Going back to the data on maternal hypertension and/or maternal diabetes as also showing some possible 'connection' to offspring autism, I've covered these variables before based on other independent peer-reviewed findings (see here and see here respectively). Maternal diabetes, specifically gestational diabetes, is something where the research evidence is increasingly converging in terms of an elevated risk of offspring autism. Mechanisms of effect are however, a little in short supply outside of talk about more autoimmune mediated diabetes (type 1 diabetes) and autism (see here). Maternal obesity and offspring autism has similarly figured in the peer-reviewed literature (see here).

Reiterating that there is more to do in this area of autism research, I do find the Kosidou results to be interesting. That preferential screening of offspring autism might be offered to women diagnosed with PCOS could be one consideration from such results; another might be for further research to focus on how PCOS and "elevated steroidopathic symptoms" might also feature among some people with an autism diagnosis or autistic traits in mind [4]. That being said, I must re-state that the overall numbers of diagnosed cases of PCOS in mums to children with autism was quite small...

Music: Steve - Emergency Art Rate.


[1] Kosidou K. et al. Maternal polycystic ovary syndrome and the risk of autism spectrum disorders in the offspring: a population-based nationwide study in Sweden. Molecular Psychiatry. 2015. 8 December.

[2] Joel D. et al. Sex beyond the genitalia: The human brain mosaic. Proc Natl Acad Sci U S A. 2015 Nov 30. pii: 201509654.

[3] Bilgiç A. et al. Autistic Trait, Empathy, and Attention-Deficit/Hyperactivity Symptoms in Women with Idiopathic Hirsutism. Int J Trichology. 2015 Jul-Sep;7(3):113-118.

[4] Pohl A. et al. Uncovering steroidopathy in women with autism: a latent class analysis. Mol Autism. 2014 Apr 9;5:27.

---------- Kosidou, K., Dalman, C., Widman, L., Arver, S., Lee, B., Magnusson, C., & Gardner, R. (2015). Maternal polycystic ovary syndrome and the risk of autism spectrum disorders in the offspring: a population-based nationwide study in Sweden Molecular Psychiatry DOI: 10.1038/mp.2015.183

Friday 18 December 2015

A high index of suspicion for mitochondrial disease in autism?

The paper by Bradley Brown & Theodore Rais [1] (open-access available here) lies at the centre of today's brief musings and yet another interesting case report with autism in mind.

Detailing the experiences of a 15-year old boy diagnosed with an autism spectrum disorder (ASD) and "neurocardiogenic syncope" (fainting characterised by reduced blood circulation to the brain), authors report on how his admission to hospital for self-injury "secondary to depression" came to reveal some potentially important clinical issues.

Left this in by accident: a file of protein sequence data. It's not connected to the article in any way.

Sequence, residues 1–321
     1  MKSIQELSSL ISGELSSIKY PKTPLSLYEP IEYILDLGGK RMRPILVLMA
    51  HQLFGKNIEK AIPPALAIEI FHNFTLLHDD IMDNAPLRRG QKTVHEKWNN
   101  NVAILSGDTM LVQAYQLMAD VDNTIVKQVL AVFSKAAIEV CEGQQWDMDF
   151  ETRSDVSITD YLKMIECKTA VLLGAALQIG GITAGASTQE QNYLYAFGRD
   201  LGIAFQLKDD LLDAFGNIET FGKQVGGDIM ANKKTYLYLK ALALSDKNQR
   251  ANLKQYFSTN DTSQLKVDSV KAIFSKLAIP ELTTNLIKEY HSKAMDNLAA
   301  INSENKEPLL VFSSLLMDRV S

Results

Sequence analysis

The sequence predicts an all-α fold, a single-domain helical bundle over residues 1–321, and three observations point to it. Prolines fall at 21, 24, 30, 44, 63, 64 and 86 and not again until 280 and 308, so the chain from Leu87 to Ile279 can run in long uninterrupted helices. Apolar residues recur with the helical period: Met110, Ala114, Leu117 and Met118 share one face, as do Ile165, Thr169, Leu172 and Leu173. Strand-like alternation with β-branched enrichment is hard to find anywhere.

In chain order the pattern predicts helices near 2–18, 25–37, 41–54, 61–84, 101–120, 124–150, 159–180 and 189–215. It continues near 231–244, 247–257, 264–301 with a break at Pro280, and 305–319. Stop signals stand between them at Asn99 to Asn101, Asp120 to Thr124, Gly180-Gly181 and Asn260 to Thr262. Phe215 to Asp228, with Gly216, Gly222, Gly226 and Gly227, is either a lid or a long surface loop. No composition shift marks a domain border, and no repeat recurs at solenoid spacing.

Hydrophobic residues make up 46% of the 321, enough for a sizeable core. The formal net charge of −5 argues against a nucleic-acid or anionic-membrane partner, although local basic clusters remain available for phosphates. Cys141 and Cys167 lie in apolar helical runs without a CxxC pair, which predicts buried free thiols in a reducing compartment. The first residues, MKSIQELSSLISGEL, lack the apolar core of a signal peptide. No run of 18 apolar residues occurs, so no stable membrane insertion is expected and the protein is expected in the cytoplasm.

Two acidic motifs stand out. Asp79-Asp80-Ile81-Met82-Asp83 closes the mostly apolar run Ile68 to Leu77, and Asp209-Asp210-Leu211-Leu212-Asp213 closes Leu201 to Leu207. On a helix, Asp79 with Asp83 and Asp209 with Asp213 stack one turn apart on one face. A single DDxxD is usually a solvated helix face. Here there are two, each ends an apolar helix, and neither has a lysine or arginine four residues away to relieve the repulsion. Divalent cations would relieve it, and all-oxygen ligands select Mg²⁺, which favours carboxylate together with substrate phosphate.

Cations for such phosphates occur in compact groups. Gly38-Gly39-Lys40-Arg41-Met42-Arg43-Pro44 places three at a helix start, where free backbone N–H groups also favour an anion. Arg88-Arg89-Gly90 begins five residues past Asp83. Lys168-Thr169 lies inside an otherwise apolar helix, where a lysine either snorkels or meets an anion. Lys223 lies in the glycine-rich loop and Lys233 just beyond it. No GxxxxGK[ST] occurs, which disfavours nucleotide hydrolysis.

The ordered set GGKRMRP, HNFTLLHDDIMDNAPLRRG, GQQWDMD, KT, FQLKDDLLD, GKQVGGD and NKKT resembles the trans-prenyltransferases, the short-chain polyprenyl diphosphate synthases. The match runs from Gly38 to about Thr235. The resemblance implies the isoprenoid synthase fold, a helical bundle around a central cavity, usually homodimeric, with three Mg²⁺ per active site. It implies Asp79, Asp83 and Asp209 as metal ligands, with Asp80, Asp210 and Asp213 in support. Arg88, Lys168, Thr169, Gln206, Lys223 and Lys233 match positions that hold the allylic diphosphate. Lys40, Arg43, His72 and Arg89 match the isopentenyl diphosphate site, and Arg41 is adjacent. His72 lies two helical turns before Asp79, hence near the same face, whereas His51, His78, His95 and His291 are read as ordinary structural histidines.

In particular, the authors detail how some of the stressors potentially pertinent to the reasons for his admission seemed to include an awareness of his mother's "declining health due to a mitochondrial disease" and "his own concerns about his future health, given his previous “spells” (syncopal episodes secondary to his diagnosis of neurocardiogenic syncope)."

The mother of the young adult did indeed also suffer from neurocardiogenic syncope alongside various other issues including Ehlers-Danlos syndrome and "a Budd-Chiari type 2 malformation that required surgical decompression." Alongside other symptoms, her profile was considered "typical for a patient with a mitochondrial disease."

There is a degree of disconnect in the article by Brown & Rais insofar as how mitochondrial issues and autism are discussed quite a bit but as far as I can see, no specific assessment for such issues was carried out with the young man concerned. Rather, the implication is that a family history of mitochondrial issues should trigger similar assessment in those with autism save viewing such disorders as a zebra - "an obscure diagnosis that is made when a more common explanation is more likely."

I've covered some of the literature on mitochondrial issues occurring alongside autism on this blog before (see here and see here for example). Alongside more recent research talking about some fairly non-invasive ways of assessing things like "respiratory complex (RC) activities" in relation to autism [2] I'd be minded to suggest that quite a few more resources might be ploughed into this area to identify just how people on the autism spectrum might benefit from 'treatment' of said issues bearing in mind what intervention options might be available [3]. Lessons could no doubt be learned from other conditions presenting with a similar profile (at least in some cases).

One other detail also caught my eye in terms of how maternal Ehlers-Danlos syndrome (EDS) is discussed by Brown & Rais. I'm particularly interested in the idea that disorders of connective tissue might be something to look at in the context of [some] autism (see here). I say this on the basis of joint mobility issues and gait being something of potential interest to cases of autism and how issues with collagen for example, are more likely present when something like vitamin C deficiency is observed (as it has been in some cases of autism).